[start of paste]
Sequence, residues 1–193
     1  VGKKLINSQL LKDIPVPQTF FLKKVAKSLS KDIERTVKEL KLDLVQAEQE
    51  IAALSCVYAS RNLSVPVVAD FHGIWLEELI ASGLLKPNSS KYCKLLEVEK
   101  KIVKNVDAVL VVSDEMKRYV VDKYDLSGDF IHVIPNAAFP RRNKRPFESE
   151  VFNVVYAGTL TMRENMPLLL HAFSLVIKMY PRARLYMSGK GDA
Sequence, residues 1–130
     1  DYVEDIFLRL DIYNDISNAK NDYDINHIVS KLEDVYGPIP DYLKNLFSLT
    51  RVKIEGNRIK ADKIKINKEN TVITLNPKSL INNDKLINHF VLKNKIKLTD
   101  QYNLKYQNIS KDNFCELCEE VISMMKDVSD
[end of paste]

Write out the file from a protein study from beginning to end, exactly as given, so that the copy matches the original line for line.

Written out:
Sequence, residues 1–193
     1  VGKKLINSQL LKDIPVPQTF FLKKVAKSLS KDIERTVKEL KLDLVQAEQE
    51  IAALSCVYAS RNLSVPVVAD FHGIWLEELI ASGLLKPNSS KYCKLLEVEK
   101  KIVKNVDAVL VVSDEMKRYV VDKYDLSGDF IHVIPNAAFP RRNKRPFESE
   151  VFNVVYAGTL TMRENMPLLL HAFSLVIKMY PRARLYMSGK GDA
Sequence, residues 1–130
     1  DYVEDIFLRL DIYNDISNAK NDYDINHIVS KLEDVYGPIP DYLKNLFSLT
    51  RVKIEGNRIK ADKIKINKEN TVITLNPKSL INNDKLINHF VLKNKIKLTD
   101  QYNLKYQNIS KDNFCELCEE VISMMKDVSD